Illumina, San Diego, and Harvard Pilgrim Health Care, Wellesley, Mass, announced a risk-sharing agreement to make whole-genome sequencing (WGS) available to certain Harvard Pilgrim members, effective January 1, 2021. The program will leverage WGS to support faster diagnoses of genetic diseases in children, potentially eliminating the long, costly diagnostic odyssey experienced by many families, with the goal of improving patient outcomes.
Diagnosing genetic diseases often takes many years and diagnostic testing costs can exceed $10,000 to $20,000 for some patients. Through this agreement, Harvard Pilgrim and Illumina will work together to evaluate how insurance coverage of WGS impacts patient care and healthcare costs. To date, there are more than 20 peer-reviewed publications demonstrating the clinical utility of WGS in over 3,000 patients with suspected genetic diseases. Health economic models predict that implementing WGS earlier in the diagnostic workup is likely to be cost-neutral or even save payers money.
“Harvard Pilgrim proudly continues to lead the way in agreements designed to promote access for our members to leading-edge precision medicine technology, while containing costs for consumers and employers. We are delighted to have reached this value-based agreement with Illumina,” says Michael Sherman, MD, Harvard Pilgrim’s chief medical officer. “Our members will be able to take advantage of this comprehensive technology, potentially saving themselves enormous frustration, heartache, and financial challenges. Moreover, Illumina gains the opportunity to demonstrate its value in a real-world setting through expanded use of WGS, while Harvard Pilgrim provides additional benefits but deters additional expenses that would otherwise increase costs for our members.”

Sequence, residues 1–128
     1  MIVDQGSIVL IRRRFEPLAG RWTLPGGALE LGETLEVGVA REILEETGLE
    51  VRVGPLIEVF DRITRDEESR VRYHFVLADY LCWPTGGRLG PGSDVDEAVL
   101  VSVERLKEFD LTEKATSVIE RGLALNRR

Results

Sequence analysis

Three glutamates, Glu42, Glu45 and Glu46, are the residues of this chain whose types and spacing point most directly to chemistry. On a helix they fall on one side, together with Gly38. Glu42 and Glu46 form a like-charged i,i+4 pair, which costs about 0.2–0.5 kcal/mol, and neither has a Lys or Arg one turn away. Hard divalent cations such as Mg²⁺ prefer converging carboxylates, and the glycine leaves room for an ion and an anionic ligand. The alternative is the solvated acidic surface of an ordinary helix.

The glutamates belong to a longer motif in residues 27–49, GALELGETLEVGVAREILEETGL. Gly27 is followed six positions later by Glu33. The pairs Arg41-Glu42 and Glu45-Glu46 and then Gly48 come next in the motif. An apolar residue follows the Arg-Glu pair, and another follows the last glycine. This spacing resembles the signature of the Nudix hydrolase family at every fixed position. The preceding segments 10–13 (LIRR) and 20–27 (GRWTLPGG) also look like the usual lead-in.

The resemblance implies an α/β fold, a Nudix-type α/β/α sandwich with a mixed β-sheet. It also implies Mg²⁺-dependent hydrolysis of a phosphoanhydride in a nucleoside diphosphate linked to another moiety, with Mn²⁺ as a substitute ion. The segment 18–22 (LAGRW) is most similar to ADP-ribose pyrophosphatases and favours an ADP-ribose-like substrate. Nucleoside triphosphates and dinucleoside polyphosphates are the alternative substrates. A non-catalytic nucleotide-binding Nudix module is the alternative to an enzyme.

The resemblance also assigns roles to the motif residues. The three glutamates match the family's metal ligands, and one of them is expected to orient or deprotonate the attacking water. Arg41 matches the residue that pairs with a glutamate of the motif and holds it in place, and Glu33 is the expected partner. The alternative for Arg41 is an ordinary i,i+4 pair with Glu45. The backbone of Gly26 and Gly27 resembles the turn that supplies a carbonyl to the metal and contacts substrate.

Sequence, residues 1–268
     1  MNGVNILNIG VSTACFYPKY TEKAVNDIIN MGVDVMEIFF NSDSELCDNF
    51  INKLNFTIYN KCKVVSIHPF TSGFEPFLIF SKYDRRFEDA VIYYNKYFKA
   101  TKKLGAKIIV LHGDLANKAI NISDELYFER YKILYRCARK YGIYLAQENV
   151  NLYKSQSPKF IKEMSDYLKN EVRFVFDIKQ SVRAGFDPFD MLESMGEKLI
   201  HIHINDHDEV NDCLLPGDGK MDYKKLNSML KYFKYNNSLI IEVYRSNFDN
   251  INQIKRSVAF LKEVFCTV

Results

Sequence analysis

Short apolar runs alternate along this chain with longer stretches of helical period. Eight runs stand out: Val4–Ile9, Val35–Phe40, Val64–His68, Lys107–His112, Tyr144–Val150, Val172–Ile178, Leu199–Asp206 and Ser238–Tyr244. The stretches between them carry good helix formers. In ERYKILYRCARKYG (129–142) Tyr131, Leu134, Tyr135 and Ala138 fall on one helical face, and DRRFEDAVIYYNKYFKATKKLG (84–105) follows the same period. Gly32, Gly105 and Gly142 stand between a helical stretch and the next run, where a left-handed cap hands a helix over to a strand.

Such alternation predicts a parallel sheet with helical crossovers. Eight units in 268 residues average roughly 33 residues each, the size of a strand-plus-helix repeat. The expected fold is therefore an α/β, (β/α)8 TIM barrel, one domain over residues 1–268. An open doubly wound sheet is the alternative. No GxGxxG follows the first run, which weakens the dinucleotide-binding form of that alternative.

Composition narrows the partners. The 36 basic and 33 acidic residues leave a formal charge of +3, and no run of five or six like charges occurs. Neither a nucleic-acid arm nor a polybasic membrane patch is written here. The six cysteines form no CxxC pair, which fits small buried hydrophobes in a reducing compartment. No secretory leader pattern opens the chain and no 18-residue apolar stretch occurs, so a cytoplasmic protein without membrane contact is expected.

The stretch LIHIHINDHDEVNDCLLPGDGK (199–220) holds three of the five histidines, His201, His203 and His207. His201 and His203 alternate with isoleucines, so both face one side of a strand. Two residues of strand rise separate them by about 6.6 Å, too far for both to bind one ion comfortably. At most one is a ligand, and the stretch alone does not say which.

During the term of the agreement, Harvard Pilgrim will cover WGS, through their network of lab providers, for pediatric patients meeting specific criteria. Illumina and Harvard Pilgrim will share the risk on genetic testing costs. Achieving a rapid diagnosis will prove most valuable for all—ending uncertainty for patient families and potentially halting unnecessary spending on the clinical side. Together, Harvard Pilgrim and Illumina will analyze the data, adjudicate the financials, and prepare a peer-reviewed study for publication.
“There are more than 7,000 known genetic conditions, and yet it can take years for patients and their families and physicians to diagnose their condition—frequently at significant cost in terms of time, money, and emotion, as patients are referred from one specialist to the next,” says Ammar Qadan, vice president of global market access at Illumina. “WGS can dramatically reduce the time it takes to diagnose genetic conditions, which can improve patient outcomes, as well as economics.”